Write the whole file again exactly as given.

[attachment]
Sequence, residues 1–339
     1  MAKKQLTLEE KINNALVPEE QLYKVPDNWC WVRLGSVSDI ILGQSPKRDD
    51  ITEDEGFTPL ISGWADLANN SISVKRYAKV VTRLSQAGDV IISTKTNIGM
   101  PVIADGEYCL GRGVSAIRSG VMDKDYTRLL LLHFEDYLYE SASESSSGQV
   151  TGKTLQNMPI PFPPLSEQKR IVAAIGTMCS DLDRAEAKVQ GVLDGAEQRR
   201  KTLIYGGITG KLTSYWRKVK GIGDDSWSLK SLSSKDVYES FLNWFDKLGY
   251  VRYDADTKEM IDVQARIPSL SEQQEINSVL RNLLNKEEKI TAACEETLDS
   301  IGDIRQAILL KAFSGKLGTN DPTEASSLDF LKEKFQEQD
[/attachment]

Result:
Sequence, residues 1–339
     1  MAKKQLTLEE KINNALVPEE QLYKVPDNWC WVRLGSVSDI ILGQSPKRDD
    51  ITEDEGFTPL ISGWADLANN SISVKRYAKV VTRLSQAGDV IISTKTNIGM
   101  PVIADGEYCL GRGVSAIRSG VMDKDYTRLL LLHFEDYLYE SASESSSGQV
   151  TGKTLQNMPI PFPPLSEQKR IVAAIGTMCS DLDRAEAKVQ GVLDGAEQRR
   201  KTLIYGGITG KLTSYWRKVK GIGDDSWSLK SLSSKDVYES FLNWFDKLGY
   251  VRYDADTKEM IDVQARIPSL SEQQEINSVL RNLLNKEEKI TAACEETLDS
   301  IGDIRQAILL KAFSGKLGTN DPTEASSLDF LKEKFQEQD